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Eric Gesualdo

Perks to sticking with tungsten when shooting digital?

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6 hours ago, Brian Doran said:

I'm not sure that this logic holds up. Peak photopic sensitivity is defined as being 555nm, which is a green color. Check out this luminous efficacy chart. Maybe I'm misreading, but it also feels like you are referring to blue light as being longer in wavelength, while the inverse is true. If anything, our scotopic vision is more sensitive to blue light than our photopic. Please let me know if I'm misinterpreting your post.

Ah you're right--I mistyped, meant shorter of course. I'll edit my post so as not to cause future confusion. Scoptopic vs photopic, that's kind of what I meant to say--if we light scenes in darker conditions (and most people also view content in darker conditions) than we'll perceive a bluer light better than warmer light (it's not peak sensitivity, but it's closer than red.)

52 minutes ago, David Mullen ASC said:

"Emotionally" a single candle flame is a "soft" source but in practical lighting terms, it is a fairly sharp source depending on the size of the flame.

I actually think this illustrates what James is saying here. When I think of, say, Barry Lyndon, I don't think of that movie as being lit by hard sources--in my mind it feels very "soft." But obviously when you actually look at stills the candlelight scenes are actually quite hard.

That said, I think it's a human perception flaw and likely shouldn't be something that is relied upon.

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5 hours ago, David Mullen ASC said:

When I use a Litemat 8 on a face, the last thing I think of is "crisp and sharp" to describe the effect. And when I light the face with a direct tungsten Source-4 Leko spot, "soft" is also the last thing that comes to mind.

I have to ask, what is the definition of hard and soft for light then? Wouldn't it be how sharp or blurred a shadow patten it creates?

No. I am not using the terms hard and soft in relation to shadow patterns. Characteristics like falloff and it's behavior upon striking a surface are part of what I'm referring to.

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29 minutes ago, James Compton said:

No. I am not using the terms hard and soft in relation to shadow patterns. Characteristics like falloff and it's behavior upon striking a surface are part of what I'm referring to.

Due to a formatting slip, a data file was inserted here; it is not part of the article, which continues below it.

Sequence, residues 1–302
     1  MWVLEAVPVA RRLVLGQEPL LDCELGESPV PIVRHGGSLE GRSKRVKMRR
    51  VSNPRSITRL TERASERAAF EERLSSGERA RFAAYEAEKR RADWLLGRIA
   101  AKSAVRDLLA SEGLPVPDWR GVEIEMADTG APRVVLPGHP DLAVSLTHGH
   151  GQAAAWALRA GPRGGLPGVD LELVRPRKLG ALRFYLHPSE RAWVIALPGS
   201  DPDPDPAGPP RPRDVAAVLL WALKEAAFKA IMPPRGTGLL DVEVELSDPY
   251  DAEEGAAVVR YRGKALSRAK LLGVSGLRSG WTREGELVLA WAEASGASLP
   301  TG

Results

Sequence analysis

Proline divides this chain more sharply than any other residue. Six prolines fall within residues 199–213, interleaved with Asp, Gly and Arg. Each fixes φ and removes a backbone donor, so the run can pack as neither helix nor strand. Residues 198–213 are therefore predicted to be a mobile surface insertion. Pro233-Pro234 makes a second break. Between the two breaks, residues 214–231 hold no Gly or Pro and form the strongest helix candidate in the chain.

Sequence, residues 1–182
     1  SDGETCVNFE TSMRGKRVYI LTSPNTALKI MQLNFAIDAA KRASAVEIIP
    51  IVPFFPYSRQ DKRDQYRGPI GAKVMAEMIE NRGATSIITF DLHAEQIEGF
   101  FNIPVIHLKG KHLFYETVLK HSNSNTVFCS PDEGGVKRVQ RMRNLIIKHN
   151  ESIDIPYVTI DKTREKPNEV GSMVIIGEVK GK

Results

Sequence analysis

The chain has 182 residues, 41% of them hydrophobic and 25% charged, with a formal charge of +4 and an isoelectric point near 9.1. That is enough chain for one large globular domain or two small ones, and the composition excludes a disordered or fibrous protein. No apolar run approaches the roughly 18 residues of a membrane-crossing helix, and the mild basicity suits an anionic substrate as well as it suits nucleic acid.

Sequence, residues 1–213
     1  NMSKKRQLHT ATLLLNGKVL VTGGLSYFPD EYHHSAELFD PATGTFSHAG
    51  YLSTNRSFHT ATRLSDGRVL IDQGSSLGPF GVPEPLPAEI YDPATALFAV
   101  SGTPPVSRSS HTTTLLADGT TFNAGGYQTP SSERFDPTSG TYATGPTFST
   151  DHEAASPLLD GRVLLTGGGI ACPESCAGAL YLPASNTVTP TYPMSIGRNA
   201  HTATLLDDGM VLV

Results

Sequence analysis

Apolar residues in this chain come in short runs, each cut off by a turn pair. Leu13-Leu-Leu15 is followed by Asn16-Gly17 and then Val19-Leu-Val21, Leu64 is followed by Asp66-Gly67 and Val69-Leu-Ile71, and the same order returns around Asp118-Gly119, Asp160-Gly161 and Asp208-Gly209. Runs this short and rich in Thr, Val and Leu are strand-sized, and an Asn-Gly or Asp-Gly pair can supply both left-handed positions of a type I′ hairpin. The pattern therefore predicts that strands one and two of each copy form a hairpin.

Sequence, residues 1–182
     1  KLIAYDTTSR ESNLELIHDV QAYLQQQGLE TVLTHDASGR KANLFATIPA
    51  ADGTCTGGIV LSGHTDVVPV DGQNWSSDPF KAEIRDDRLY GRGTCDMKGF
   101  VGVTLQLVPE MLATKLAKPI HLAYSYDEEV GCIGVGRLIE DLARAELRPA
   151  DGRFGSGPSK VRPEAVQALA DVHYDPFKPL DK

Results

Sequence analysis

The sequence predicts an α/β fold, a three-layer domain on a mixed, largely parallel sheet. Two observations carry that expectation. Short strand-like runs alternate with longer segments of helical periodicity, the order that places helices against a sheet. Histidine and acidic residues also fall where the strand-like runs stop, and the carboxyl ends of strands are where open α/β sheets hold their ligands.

Are you referring to the rate of falloff here? 

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Posted (edited)
3 hours ago, James Compton said:

No. I am not using the terms hard and soft in relation to shadow patterns. Characteristics like falloff and it's behavior upon striking a surface are part of what I'm referring to.

But isn't that the criteria to describe a light .. ? exactly that .. its behaviour when striking a surface.. that why we refer to hard /soft light..  etc.. there has to be some common language to do this job ....   I mean what do you do when your ordering lights .. or discussing with a director the look of a scene..  when you say that a 8 x 8  LED lighting a face is crisp and a 2K open face incandescent , lighting the same face from the same distance ,will be a soft light ?? ..  it must be pretty confusing .. I mean why not just call it what everyone else does  ..

Rate of fall off is the inverse square rule .. nothing mystic about it .. sorry to bang the drum and obviously I have too much time on my hands .. but this is the same as the film vs digital debate .. where film is preferred ,not as just a personal preference ..but as some mystical , religious, undefinable .. undebatable cosmic force ..that makes it "better" for every film and very scene ..and that digital films are all crap due to itheir "binary" nature.. and yes then will come the line, when faced with hard logic. .. "Its organic  " .. or " you don't understand because you think Star Wars is not real " 

Edited by Robin R Probyn

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Posted (edited)